Cuba travel restrictions
by Tom Crumpacker
The Cuban government has estimated that last year more than 100,000 Americans visited Cuba without licenses. Because of pending legislation, many Congressmen have also been going there (with licenses) to get a first hand view of the situation and sometimes talk to Castro. In a June 22 article in "Lifestyle", Jay Bloomberg reports that the reason Congress recently exempted itself from the $100 license limit on personal items which can be brought back is that Cohiba cigars can bring a lot of money in the US, more than $1000 a box if signed by Fidel. Meanwhile on July 13 President Bush announced he is cracking down on unlicensed Cuba travel and his Treasury Department has started fining alleged violators under the law enacted by Congress last December which codified the previous administrative restrictions.
Why does our government want to prevent us from seeing and learning about what is happening in Cuba? It says its purpose is to deny hard currency to Cubans so that they will change the way they have organized their society. If so, it's the first time in history we've been forced to sacrifice one of our fundamental freedoms to implement a foreign policy objective. From the beginning, American courts have recognized and protected our constitutional right to travel to countries at peace with us. Our Supreme Court has repeatedly held that this is a part of the liberty we can't be deprived of without due process of law under the Fifth Amendment. Moreover, because travel often involves educating, learning and exchange of ideas, our First Amendment rights of speech and association are also implicated. As former Justice William O. Douglas once observed, "the right of movement is fundamental because ... it often makes other rights meaningful."
In spite of this, in 1981 the Reagan Administration promulgated regulations regarding Cuba travel which required a license issued by the State Department (permitting only certain limited types of travel, excluding business and tourist) and penalties for violation of concurrent Treasury Department currency restrictions forbidding the unlicensed spending of money. In a 5-4 decision in 1984, Regan v. Wald, our Supreme Court upheld the constitutionality of these restrictions on the ground asserted by the State Department that Cuba had the economic, political and military backing of the Soviet Union, therefore the rights of citizens were overcome by national security needs.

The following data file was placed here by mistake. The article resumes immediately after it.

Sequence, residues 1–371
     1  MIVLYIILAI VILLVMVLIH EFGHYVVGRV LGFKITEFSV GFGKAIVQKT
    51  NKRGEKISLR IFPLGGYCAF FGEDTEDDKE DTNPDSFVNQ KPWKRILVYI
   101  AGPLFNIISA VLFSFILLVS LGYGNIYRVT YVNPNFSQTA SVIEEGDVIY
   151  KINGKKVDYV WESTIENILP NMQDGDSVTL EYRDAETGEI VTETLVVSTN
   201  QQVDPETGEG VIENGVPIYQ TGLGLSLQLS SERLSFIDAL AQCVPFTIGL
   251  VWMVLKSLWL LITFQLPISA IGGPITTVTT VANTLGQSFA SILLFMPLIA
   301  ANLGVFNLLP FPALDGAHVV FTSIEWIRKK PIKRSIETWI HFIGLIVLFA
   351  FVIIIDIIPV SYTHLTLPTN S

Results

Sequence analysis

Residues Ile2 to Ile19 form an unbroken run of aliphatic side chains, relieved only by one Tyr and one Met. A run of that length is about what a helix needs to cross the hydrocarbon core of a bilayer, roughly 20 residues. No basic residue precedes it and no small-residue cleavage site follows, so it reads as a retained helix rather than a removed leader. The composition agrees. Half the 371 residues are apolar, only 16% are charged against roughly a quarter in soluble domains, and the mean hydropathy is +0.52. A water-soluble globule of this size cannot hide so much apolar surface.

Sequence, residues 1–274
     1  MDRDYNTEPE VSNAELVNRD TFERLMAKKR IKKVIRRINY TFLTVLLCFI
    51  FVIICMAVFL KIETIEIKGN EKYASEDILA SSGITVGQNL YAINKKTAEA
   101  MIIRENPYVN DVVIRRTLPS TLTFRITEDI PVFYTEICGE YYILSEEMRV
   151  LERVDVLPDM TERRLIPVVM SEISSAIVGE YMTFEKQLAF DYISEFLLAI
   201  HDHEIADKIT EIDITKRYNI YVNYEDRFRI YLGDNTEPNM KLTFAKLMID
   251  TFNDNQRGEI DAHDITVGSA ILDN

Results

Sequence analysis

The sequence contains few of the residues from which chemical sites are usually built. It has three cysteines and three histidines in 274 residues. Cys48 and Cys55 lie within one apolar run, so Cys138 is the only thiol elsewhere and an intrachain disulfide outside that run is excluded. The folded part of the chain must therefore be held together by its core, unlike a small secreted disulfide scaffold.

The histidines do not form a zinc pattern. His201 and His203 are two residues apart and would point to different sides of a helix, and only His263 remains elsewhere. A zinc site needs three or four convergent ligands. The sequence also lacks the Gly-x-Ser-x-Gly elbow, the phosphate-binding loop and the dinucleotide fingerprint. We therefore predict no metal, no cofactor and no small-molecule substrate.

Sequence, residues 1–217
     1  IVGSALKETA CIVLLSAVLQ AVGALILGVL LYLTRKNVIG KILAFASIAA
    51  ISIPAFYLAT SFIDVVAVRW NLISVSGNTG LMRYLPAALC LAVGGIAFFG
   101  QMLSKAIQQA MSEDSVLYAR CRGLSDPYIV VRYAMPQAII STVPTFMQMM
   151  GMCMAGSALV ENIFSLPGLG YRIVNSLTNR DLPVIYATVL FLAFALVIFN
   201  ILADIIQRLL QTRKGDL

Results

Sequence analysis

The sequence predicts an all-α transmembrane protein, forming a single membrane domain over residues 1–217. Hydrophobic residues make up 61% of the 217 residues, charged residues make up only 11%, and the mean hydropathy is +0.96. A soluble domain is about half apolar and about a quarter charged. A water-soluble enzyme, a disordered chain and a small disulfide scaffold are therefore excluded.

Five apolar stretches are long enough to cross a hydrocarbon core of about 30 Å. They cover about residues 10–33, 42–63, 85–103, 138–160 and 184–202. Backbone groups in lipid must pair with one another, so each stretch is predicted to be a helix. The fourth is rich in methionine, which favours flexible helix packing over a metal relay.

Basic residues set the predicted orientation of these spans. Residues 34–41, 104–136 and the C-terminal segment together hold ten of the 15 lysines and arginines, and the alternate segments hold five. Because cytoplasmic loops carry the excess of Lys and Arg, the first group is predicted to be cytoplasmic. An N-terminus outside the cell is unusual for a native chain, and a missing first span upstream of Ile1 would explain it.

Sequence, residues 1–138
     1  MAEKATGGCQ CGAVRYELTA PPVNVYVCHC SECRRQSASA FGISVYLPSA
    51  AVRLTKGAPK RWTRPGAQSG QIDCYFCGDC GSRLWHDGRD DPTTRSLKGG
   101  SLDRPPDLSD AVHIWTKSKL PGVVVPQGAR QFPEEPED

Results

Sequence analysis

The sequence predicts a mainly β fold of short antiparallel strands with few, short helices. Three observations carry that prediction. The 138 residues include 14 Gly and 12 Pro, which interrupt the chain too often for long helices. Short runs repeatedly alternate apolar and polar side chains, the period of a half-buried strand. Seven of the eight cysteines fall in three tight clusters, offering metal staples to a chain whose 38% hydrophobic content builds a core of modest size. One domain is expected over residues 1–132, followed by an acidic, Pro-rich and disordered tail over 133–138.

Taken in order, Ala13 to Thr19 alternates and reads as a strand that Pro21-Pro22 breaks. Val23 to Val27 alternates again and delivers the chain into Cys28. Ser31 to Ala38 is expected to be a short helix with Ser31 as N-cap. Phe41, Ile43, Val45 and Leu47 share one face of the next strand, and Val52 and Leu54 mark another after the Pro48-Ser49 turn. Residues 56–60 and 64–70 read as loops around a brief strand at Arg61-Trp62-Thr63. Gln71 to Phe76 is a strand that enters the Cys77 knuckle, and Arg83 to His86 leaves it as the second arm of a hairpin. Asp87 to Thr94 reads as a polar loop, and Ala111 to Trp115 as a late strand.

In the 1990's when the Soviet Union no longer existed and our Defense Department had certified that Cuba posed no security risk, the restrictions were not being enforced (it being unlikely any judge would uphold them), nevertheless they remained on the books because the State Department was using them to try to frighten Americans out of traveling to Cuba and the Clinton Administration lacked the political will to terminate them. Each year the number of unlicensed visitors increased. Last December, at the instance of the Cuban American National Foundation, the restrictions were codified as part of a deal whereby Congress purportedly authorized the sale of some US agricultural products to Cuba.
Whether codified or not they are clearly unconstitutional because the Cold War is over. It's the patriotic duty of US citizens to challenge illegal laws, and many of us are continuing to go to Cuba despite the threats. US Cuba policy is now increasingly the subject of public debate. Last May, 82 Congresspersons and 16 Senators introduced the proposed "Bridges to Cuban People Act" which hopefully, if ever allowed to come up for a vote, will put an end the blockade and travel restrictions. Emotions are high, and in Miami it's almost impossible to see or hear or read anything unbiased about Cuba.
For these and other reasons it's now more important than ever for Americans to go there and see for themselves what it's like. Despite everything, Cubans are incredibly friendly to Americans. Almost all Cuban religious leaders and
Published in In Motion Magazine August 12, 2001.
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